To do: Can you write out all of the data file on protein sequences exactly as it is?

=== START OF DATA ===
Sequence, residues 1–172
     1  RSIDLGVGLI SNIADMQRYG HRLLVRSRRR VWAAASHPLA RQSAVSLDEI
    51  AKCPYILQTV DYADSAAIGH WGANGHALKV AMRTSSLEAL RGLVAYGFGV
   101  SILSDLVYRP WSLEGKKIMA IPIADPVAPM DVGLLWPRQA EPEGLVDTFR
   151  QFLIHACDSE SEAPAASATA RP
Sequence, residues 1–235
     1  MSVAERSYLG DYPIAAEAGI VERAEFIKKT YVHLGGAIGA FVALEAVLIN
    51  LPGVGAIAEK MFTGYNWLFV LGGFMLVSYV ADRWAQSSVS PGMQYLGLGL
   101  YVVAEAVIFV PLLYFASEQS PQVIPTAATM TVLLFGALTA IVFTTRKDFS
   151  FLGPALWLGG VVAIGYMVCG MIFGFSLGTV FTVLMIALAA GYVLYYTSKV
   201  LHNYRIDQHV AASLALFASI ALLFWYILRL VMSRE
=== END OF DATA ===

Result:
Sequence, residues 1–172
     1  RSIDLGVGLI SNIADMQRYG HRLLVRSRRR VWAAASHPLA RQSAVSLDEI
    51  AKCPYILQTV DYADSAAIGH WGANGHALKV AMRTSSLEAL RGLVAYGFGV
   101  SILSDLVYRP WSLEGKKIMA IPIADPVAPM DVGLLWPRQA EPEGLVDTFR
   151  QFLIHACDSE SEAPAASATA RP
Sequence, residues 1–235
     1  MSVAERSYLG DYPIAAEAGI VERAEFIKKT YVHLGGAIGA FVALEAVLIN
    51  LPGVGAIAEK MFTGYNWLFV LGGFMLVSYV ADRWAQSSVS PGMQYLGLGL
   101  YVVAEAVIFV PLLYFASEQS PQVIPTAATM TVLLFGALTA IVFTTRKDFS
   151  FLGPALWLGG VVAIGYMVCG MIFGFSLGTV FTVLMIALAA GYVLYYTSKV
   201  LHNYRIDQHV AASLALFASI ALLFWYILRL VMSRE